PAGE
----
Overbrook Research, an Illinois-based polling firm, has a fascinating study out on public opinion and abortion. Authors Christopher Blunt and Fred Steeper analyze opinon-poll data from the bellwether state of Missouri between 1992 and 2006, focusing on voters' answers to the question whether they regard themselves as "pro-life" or "pro-choice."The author, James Taranto, has been writing for some time about what he calles the Roe Effect:
The finding: Public opinion has moved strongly in the "pro-life" direction. In 1992, 34% of Missouri voters described themselves as "strongly pro-choice"; by 2006 this figure had declined to 23%. The proportion describing themselves as "strongly pro-life" rose from 26% to 36%. When those describing themselves as "somewhat" pro-whatever are included, the "pro-life" rise is 11 percentage points (30% to 41%), and the "pro-choice" decline is 13 points (43% to 30%).
It was in 1973 that the Supreme Court, in Roe v. Wade, found a "constitutional" right to abortion, effectively legalizing the practice nationwide. By 1992 the oldest post-Roe babies were only 19. In 2006, by contrast, the entire 18- to 29-year-old cohort had been born after Roe.Also of interest, the article quotes authors of the study who speculate that the Freedom of Access to Clinic Entrances (FACE) Act actually helped the pro-life movement significantly, as it helped surpress the fringe elements of the pro-life movement who's approach to advocacy was quite frankly, un-Christian:
If one makes the reasonable assumptions that "pro-life" women have a lower propensity to abort than "pro-choice" ones do, and that parents are a strong influence on their chlidren's moral attitudes, then one would expect the post-Roe cohort to be more "pro-life" than their elders.
In the 1980s and early 1990s, there were dozens of attacks against abortion clinics and the physicians who perform abortions. According to one official government count, between 1977 and 1993, there were at least 36 bombings, 81 arsons, 131 death threats, 84 assaults, 327 clinic invasions, 71 chemical attacks, and over 6,000 blockades of clinic entrances. In response, in 1994, President Clinton signed into law the Freedom of Access to Clinic Entrances (FACE) Act. . . .If memory serves, FACE doesn't deserve all the credit. There were some very strong efforts going on within the pro-life movement to make it clear what was and was not acceptible advocacy. But the end result, of cleansing the pro-life movement of violence in order to underline the inherent violence of abortion itself, was a major good -- whatever the combination of causes.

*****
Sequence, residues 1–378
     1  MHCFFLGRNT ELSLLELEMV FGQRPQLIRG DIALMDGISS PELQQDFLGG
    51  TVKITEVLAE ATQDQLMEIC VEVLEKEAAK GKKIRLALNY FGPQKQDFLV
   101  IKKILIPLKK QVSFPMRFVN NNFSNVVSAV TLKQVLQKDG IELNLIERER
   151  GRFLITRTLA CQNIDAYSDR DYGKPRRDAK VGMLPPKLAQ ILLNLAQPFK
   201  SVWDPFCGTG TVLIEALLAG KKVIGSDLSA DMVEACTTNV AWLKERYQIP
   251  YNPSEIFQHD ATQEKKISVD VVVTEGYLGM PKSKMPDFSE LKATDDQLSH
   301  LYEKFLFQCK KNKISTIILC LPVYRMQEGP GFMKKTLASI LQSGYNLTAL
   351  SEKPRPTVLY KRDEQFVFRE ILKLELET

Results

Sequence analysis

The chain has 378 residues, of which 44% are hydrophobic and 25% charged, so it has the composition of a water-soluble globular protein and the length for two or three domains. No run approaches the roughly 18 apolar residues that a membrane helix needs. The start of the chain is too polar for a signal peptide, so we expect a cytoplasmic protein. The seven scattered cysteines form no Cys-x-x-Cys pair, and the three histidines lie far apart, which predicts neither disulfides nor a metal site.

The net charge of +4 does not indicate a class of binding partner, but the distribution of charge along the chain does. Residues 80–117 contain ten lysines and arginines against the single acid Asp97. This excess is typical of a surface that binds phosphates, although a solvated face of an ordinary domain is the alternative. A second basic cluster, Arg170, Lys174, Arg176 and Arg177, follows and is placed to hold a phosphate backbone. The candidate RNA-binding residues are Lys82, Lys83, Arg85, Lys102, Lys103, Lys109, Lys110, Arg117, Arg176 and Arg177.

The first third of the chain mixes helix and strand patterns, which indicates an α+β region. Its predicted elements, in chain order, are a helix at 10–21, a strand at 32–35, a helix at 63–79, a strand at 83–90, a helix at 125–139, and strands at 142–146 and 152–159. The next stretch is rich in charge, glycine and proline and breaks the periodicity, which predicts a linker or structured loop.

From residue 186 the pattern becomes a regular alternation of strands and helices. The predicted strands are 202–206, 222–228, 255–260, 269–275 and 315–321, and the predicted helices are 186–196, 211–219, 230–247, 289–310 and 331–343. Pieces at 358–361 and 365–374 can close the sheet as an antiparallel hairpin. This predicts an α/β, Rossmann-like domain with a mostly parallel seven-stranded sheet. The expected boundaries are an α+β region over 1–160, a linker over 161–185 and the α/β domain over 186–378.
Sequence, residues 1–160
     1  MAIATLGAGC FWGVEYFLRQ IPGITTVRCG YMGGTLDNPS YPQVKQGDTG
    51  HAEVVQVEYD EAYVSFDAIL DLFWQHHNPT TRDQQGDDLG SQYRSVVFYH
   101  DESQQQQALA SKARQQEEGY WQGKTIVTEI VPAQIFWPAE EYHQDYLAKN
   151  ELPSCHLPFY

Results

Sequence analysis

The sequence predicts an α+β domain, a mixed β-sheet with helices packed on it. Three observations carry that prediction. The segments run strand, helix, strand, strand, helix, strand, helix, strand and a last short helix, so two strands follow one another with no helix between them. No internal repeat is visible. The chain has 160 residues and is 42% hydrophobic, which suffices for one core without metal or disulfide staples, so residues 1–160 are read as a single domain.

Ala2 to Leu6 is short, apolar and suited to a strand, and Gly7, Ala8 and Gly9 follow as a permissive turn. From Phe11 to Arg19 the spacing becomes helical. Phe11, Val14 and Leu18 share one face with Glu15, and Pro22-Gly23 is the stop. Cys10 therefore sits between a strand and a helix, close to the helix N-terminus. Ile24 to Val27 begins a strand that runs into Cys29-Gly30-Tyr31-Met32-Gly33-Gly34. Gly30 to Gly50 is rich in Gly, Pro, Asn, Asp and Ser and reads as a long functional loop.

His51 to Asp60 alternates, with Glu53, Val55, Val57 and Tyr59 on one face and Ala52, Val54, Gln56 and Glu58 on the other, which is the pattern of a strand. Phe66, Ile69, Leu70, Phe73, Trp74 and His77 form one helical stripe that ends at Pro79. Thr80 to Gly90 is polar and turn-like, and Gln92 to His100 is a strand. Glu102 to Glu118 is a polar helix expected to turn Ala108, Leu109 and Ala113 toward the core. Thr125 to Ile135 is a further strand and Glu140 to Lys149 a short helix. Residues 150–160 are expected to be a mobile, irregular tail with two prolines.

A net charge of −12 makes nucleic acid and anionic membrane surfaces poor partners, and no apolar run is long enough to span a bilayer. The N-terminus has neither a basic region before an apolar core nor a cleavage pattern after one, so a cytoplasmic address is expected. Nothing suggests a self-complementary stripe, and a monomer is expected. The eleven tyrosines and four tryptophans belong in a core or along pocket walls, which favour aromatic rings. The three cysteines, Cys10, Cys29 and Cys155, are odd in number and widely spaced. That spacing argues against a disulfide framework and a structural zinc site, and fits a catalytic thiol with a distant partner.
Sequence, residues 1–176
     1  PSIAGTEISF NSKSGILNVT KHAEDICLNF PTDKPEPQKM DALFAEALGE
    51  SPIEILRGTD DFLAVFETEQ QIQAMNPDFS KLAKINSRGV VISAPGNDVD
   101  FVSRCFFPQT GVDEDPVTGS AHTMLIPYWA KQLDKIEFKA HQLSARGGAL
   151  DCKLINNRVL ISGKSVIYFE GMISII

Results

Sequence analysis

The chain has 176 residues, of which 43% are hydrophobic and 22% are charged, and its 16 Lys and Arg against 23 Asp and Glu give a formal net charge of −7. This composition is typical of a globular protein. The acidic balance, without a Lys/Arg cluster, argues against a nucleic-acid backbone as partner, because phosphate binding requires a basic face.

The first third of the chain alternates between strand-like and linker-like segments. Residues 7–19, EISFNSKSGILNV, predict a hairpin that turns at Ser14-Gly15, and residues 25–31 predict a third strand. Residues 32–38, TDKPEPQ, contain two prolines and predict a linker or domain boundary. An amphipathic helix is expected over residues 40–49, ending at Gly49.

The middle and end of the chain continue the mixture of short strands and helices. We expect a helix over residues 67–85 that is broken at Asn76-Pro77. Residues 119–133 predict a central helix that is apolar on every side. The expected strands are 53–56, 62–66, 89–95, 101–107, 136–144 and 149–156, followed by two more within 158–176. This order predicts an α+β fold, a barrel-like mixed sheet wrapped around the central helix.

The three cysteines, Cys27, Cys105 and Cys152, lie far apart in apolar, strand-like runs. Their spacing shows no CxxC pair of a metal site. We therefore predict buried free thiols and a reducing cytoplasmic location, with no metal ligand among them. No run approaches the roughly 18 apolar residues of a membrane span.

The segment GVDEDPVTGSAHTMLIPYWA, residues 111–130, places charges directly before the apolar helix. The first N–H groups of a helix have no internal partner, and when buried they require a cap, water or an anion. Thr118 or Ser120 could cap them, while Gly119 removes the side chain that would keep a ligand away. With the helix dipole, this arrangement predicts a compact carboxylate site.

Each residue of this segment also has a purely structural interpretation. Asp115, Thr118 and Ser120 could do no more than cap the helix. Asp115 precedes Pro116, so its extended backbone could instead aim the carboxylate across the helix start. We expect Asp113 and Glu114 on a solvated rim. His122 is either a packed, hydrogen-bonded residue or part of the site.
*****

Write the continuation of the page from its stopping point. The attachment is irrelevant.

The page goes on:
The law worked. Threatened by stiff new federal penalties, Operation Rescue and other vocal anti-abortion groups abruptly ceased their clinic blockades. Dramatic demonstrations and arrests gave way to peaceful prayer vigils and sidewalk counseling.
As antiabortion violence abated, the violence of abortion itself took a higher profile. In 1996 Congress approved the first federal bill to outlaw partial-birth abortion--in which the abortionist partially delivers a baby before taking its life--but opponents of the bill had enough votes to sustain President Clinton's veto. Partial-birth abortion remained at the center of the debate for more than a decade. This past April the Supreme Court upheld the Partial-Birth Abortion Ban Act of 2003.